I think it’s going to hurt. What fills us is real, sweet, dopey, funny life.

I’ve heard it said that every day you need half an hour of quiet time for yourself, or your Self, unless you’re incredibly busy and stressed, in which case you need an hour. I promise you, it is there. Fight tooth and nail to find time, to make it. It is our true wealth, this moment, this hour, this day.

5 Had Something To Say (Just click here!):

Sue G said...

Even in her discussion of the importance of finding time to write, this lady WRITES . . . with such import, such magic, laced with good advice.

I must admit that for me writing is just something I do when the mood hits. I am not obsessed with writing. I don't HAVE to write. In fact, I have spent years avoiding writing because I don't deal well with the positive feedback I get. I simply don't get it...so how in the world could I possibly recreate it?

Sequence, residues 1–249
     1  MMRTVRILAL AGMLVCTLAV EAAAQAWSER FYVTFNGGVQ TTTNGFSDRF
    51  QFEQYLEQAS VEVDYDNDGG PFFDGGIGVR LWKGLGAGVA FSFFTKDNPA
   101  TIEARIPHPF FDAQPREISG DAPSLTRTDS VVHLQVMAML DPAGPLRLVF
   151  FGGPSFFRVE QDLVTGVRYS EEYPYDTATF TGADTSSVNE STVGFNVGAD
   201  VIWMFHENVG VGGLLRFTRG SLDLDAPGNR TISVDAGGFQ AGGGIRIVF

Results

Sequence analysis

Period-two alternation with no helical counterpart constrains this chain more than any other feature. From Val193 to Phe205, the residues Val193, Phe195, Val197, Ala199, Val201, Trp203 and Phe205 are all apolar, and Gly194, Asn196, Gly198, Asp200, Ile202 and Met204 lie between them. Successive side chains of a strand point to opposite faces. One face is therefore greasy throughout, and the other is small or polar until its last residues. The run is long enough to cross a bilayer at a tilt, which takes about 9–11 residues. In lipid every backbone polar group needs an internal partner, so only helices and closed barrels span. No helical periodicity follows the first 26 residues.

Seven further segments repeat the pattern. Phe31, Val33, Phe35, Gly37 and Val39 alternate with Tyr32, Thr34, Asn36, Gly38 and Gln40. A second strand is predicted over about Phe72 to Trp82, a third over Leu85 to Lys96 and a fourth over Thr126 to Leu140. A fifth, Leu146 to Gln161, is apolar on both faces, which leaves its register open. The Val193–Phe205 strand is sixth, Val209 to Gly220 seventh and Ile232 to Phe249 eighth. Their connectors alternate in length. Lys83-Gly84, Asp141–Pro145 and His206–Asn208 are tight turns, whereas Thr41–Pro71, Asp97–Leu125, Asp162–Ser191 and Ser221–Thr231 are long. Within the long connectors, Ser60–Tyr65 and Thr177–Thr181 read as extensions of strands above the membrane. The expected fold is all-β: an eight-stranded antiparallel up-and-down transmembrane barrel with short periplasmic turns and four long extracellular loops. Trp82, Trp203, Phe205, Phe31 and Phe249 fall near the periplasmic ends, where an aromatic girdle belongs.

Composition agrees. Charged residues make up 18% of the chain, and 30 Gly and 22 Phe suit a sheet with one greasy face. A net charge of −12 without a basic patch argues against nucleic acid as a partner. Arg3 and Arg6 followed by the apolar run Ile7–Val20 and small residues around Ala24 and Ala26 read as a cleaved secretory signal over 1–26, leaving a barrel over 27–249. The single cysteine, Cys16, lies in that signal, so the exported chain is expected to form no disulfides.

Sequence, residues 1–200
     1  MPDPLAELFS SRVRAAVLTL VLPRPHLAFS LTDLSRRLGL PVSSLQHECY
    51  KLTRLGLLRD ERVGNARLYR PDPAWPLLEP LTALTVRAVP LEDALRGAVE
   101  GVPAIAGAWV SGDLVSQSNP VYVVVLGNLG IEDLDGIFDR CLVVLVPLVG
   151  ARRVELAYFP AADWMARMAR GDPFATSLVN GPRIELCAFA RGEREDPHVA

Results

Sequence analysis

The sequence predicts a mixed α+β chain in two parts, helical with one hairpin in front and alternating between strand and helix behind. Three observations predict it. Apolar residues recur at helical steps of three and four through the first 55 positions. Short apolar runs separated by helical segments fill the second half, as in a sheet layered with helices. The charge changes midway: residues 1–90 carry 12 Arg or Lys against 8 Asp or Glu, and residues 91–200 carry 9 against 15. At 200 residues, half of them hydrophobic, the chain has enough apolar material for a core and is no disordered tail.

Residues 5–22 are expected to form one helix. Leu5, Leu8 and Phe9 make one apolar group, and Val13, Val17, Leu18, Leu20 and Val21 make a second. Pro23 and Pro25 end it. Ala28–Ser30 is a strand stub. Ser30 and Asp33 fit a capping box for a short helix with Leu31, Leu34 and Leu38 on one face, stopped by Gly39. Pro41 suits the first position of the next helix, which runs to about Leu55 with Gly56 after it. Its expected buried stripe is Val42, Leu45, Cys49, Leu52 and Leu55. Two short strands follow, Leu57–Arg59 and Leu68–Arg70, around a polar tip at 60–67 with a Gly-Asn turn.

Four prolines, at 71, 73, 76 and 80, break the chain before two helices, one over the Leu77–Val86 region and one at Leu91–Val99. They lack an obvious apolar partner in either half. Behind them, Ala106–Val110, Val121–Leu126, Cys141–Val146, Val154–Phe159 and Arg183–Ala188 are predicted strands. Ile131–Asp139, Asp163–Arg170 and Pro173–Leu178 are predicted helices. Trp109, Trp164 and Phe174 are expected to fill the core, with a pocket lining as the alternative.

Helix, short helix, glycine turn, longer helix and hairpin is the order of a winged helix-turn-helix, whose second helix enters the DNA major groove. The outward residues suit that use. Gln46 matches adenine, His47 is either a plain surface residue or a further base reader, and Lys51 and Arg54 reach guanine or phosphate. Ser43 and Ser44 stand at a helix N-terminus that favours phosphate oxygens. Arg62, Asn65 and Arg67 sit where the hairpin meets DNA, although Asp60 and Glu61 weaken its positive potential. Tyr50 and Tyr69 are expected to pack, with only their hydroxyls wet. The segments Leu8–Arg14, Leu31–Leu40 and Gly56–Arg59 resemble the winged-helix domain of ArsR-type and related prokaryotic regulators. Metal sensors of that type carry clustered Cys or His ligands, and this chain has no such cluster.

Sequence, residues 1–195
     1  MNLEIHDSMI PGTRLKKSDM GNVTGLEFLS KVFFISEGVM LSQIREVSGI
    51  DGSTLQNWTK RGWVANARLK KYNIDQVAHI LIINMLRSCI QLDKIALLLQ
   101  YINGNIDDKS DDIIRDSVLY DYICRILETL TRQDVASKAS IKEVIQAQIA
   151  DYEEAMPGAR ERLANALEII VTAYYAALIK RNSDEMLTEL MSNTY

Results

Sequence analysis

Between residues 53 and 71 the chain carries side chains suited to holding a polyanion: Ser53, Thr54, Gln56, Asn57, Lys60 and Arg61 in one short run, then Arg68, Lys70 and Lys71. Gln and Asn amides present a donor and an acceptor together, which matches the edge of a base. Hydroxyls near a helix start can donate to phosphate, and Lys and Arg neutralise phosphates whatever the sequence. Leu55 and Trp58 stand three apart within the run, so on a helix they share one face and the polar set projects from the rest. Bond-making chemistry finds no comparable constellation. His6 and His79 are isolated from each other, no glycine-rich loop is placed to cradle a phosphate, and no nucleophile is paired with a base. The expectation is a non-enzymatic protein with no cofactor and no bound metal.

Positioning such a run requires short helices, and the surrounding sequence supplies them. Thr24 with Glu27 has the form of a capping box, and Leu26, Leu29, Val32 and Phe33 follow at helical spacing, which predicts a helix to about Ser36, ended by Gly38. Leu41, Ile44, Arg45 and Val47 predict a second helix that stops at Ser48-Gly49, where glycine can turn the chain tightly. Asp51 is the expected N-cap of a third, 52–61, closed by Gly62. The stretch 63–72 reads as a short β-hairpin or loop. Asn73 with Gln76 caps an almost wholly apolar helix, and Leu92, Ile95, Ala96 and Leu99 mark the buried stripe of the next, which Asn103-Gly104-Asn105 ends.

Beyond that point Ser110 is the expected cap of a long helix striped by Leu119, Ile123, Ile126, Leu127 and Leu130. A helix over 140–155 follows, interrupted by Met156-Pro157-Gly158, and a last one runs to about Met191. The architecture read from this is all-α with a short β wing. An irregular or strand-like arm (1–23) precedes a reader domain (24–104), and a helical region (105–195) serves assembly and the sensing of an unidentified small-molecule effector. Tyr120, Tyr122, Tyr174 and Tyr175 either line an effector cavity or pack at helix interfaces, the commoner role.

I do believe that people who have to write...who live to write...must, simply must, set aside time to do it each day. It is a craft to be honed and what better way to sharpen that gift than to keep at it.

I believe we are all writers to some extent. We all have a story to tell. We all have an innate need to communicate (although I could retract that comment if I focus only on my husband!). We all want to connect. And isn't that what writing is...communication that is formed from a need to connect, to share, to purge private thoughts and common threads that bind us together?

I am so glad that you started your blog, Becky...that you took your love of writing and made that leap to be vulnerable and exposed via the printed word. You have done so much to exemplify the personification of faith, family, and fun.

How can we ever thank you enough???

Hmmm, I guess a written note would suffice, huh? :-)

Anonymous said...

I like your writing better!

Anonymous said...